Introducing the perfect mix of breakthrough audio technology,...

Sony MDR-1R

Average User Rating:

    Introducing the perfect mix of breakthrough audio technology, maximum comfort and sophisticated design. The MDR-1R lets you experience sheer audio bliss with liquid crystal polymer film diaphragms, and impressive bass sounds with beat response control.

    Liquid crystal polymer film diaphragm
    HD driver unit
    Beat response control
    Enfolding structure
    Inward axis structure
    Silent joints

Recent User Reviews

  1. keanex
    "Overall Rating is indicative of the used market price - not new price"
    Pros - Gorgeous aesthetics; Lightweight & sturdy build; Removable cable; Midrange texture; Speed.
    Cons - Cost to price ratio; Fatiguing; Midrange recession; Odd sound signature.
    The review was written from a $300 MSRP, they can be had like-new for around $100, my ratings reflect the used market pricing.

    Pros: Gorgeous aesthetics; Lightweight & sturdy build; Removable cable; Midrange texture; Speed.
    Cons: Cost to price ratio; Fatiguing; Midrange recession; Odd sound signature.
    Tonal Balance: Forward upper-mids with odd unevenness throughout, slightly v-shaped
    Style: Closed circumaural
    Cost at Time of Review: $300

    Reviewing Process

    I’ve been using the 1R as my primary cans for the past three weeks, using them rather heavily during the time with a wide variety of music and games. While I feel confident that I have a good feel for the sound and construction of the 1R, this is still a subjective review and your personal experience may vary. Personal experience will always be the best way to form an opinion on a headphone, though I hope that my words may be of some help also.

    Build & Feel

    Build Quality
    Plastic construction abound, the MDR-1R feel anything but cheap. Not a creak when adjusted or handled, nor is there a loose feeling joint. The addition of a removable cable, albeit single sided, adds longevity due to the ease of replacement of one of the most fragile parts on a headphone. The cable is a simple 3.5mm male to male cable that’s easily found and replaced. No cause for concern despite the heavy use of plastic.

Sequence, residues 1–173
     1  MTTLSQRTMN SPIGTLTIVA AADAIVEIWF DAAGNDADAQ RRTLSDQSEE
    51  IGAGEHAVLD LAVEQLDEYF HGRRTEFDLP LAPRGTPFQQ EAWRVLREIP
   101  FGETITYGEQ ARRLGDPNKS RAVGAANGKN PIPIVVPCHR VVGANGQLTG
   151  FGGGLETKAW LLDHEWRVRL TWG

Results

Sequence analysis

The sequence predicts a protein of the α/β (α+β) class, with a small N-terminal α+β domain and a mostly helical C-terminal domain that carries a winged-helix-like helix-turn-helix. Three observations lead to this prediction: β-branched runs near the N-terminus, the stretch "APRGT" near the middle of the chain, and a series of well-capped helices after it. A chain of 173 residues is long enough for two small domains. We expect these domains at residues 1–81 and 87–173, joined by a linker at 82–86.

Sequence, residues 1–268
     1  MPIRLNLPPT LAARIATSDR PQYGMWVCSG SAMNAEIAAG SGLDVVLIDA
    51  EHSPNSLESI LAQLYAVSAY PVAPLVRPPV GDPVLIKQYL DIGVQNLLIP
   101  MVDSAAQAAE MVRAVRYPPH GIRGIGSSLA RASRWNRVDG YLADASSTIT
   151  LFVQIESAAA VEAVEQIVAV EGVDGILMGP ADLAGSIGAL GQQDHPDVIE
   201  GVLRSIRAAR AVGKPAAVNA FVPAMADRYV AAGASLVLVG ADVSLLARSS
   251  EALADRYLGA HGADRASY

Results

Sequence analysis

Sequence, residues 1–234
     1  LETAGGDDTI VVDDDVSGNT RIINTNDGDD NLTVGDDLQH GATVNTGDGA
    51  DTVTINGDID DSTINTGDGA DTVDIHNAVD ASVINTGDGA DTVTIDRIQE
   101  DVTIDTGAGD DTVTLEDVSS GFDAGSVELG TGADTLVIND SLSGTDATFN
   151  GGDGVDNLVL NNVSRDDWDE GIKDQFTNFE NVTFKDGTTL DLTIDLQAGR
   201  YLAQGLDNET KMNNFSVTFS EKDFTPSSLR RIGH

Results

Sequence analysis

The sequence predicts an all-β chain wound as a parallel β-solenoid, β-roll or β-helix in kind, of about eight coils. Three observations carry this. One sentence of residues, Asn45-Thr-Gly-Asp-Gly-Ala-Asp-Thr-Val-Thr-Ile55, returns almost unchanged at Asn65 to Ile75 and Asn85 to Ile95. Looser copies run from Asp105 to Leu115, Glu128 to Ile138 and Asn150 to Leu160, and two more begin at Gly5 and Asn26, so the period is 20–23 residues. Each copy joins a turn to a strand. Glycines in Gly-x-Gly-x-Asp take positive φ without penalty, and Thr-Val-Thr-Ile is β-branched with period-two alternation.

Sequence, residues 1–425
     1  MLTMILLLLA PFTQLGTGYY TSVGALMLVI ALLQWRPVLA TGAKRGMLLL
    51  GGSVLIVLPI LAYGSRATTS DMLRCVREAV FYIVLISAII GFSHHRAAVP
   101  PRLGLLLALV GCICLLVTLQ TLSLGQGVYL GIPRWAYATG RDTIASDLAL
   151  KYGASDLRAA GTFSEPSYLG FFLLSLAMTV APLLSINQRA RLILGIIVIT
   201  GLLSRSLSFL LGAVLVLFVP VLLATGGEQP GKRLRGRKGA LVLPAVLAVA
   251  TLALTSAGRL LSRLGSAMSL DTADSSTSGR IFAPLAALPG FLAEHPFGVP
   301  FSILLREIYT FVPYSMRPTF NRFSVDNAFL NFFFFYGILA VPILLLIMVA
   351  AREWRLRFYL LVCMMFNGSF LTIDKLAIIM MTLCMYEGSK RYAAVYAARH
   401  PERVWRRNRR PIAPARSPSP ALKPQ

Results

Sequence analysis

Easily one of the more comfortable closed headphones I’ve used, trouncing the M50x and Focal line, seems to be a bit better than the PM-3 as well - though that is based on memory. The pads are comfortable with give to them, like a worn in leather chair, perhaps to a fault as my ears lightly touch the driver housing. Despite that I find the MDR-1R to be a headphone I can wear longer than most in my collection. Clamping force is just right for my noggin, light enough to avoid pressure headaches, but secure enough to not worry about them falling off. The plastic construction keeps the weight down as well, adding to the comfort factor.


    Bass Shaker Test: Satisfying purr from the get-go with a steady ramp up in volume as the frequencies reach their peaks in the bass. I call this a rainbow effect and shows lack of linerity through the low-end.
    Real World Listening: The bass sounds very nice, rather good control throughout with a satisfying rumbling texture from the sub-bass through the midbass. Midbass has somewhat of a bloated quality to it, though it’s not always noticeable. I found it most notable on Fleetwood Mac’s The Chainduring the chorus portion. The bass does punch rather well though, with defined beginning and endings of notes.
    Mids & Highs
    The midrange has an uneven response, lower midrange is somewhat recessed, but the upper-midrange has a very forward/bright peak that further pushes the lower midrange into the background. What this means is that many male vocalists, acoustic guitars, and acoustic pianos find themselves pushed back a bit, while upper register vocals, electric guitars, and synthesizers find themselves too forward. In addition to the overly forward qualities of the upper-midrange, I find it to show grain - best shown in vocals - while simultaneously sounding shouty at times.
    Despite that, the midrange sounds phenomenal in terms of texture, showing off distorted guitars very well, for instance. The midrange is also fantastic in terms of speed and clarity, very snappy with a clearly defined beginning and end of a note while doing so clearly.
    Treble has a bit of roll-off, though not completely gone. Quality is average, cymbals tend to sound a bit hazy, though discernible. The relaxed quality meshes rather well with the forward upper-midrange. If both were aggressive and forward I might as well be listening to a closed Grado, fatiguing despite being engaging.